Saudi Arabia’s state oil producer Aramco raised the April official selling prices (OSPs) for crude it sells to Asia by more than $2 a barrel, with some grades hitting all-time highs, as global markets struggled with Russian oil disruption.
Record Saudi crude prices come on the back of an expected rise in Middle East oil demand as surging spot premiums and freight rates put supplies from Europe, Africa and the Americas out of Asia’s reach.
Global oil prices have soared to their highest since 2008, adding to inflation concerns, as the United States and the European explore banning imports of Russian oil in the wake of Moscow’s invasion of Ukraine. Russia calls its actions in Ukraine a “special operation”.
The world’s top oil exporter lifted its April OSP to Asia for its flagship Arab Light crude to $4.95 a barrel versus the average of DME Oman and Platts Dubai crude prices, up $2.15 from March, Saudi Aramco said late on Friday, March 11.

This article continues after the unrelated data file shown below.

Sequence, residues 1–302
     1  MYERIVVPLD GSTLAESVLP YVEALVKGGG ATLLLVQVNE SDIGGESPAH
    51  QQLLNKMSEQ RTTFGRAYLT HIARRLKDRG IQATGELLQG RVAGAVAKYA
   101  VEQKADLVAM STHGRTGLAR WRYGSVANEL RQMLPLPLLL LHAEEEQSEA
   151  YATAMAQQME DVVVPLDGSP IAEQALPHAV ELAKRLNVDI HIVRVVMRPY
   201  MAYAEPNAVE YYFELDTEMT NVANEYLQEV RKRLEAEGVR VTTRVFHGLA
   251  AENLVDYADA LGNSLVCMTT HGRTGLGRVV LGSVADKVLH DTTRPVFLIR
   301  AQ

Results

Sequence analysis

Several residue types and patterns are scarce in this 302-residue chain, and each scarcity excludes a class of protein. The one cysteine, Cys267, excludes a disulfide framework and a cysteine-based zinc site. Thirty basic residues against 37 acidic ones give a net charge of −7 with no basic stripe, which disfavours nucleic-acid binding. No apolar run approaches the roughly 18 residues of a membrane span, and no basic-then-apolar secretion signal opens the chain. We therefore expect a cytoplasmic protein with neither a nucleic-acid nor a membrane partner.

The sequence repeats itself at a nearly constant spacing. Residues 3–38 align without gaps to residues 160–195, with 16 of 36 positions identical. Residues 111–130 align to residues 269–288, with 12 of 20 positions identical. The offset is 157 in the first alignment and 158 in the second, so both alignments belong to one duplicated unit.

This is the highest premium for the grade ever, Refinitiv data showed. The April OSPs for Arab Medium and Arab Heavy crude in Asia are also all-time highs.
“The prices are higher than expected, but (I) can understand Saudi’s mindset,” a trader said, adding that prices of rival grades such as Abu Dhabi’s Murban crude were also at record levels.
The spot premium for Murban crude futures to Dubai quotes hit a record of nearly $18 a barrel last week while premiums for other benchmark grades such as DME Oman and Dubai were at all-time highs of $15 a barrel.
Separately, Saudi Aramco set the Arab Light OSP to Northwestern Europe at plus $1.60 per barrel versus ICE Brent, an increase of $1.70 compared with March and to the United States at plus $3.45 per barrel over ASCI (Argus Sour Crude Index), an increase of $1 over the previous month.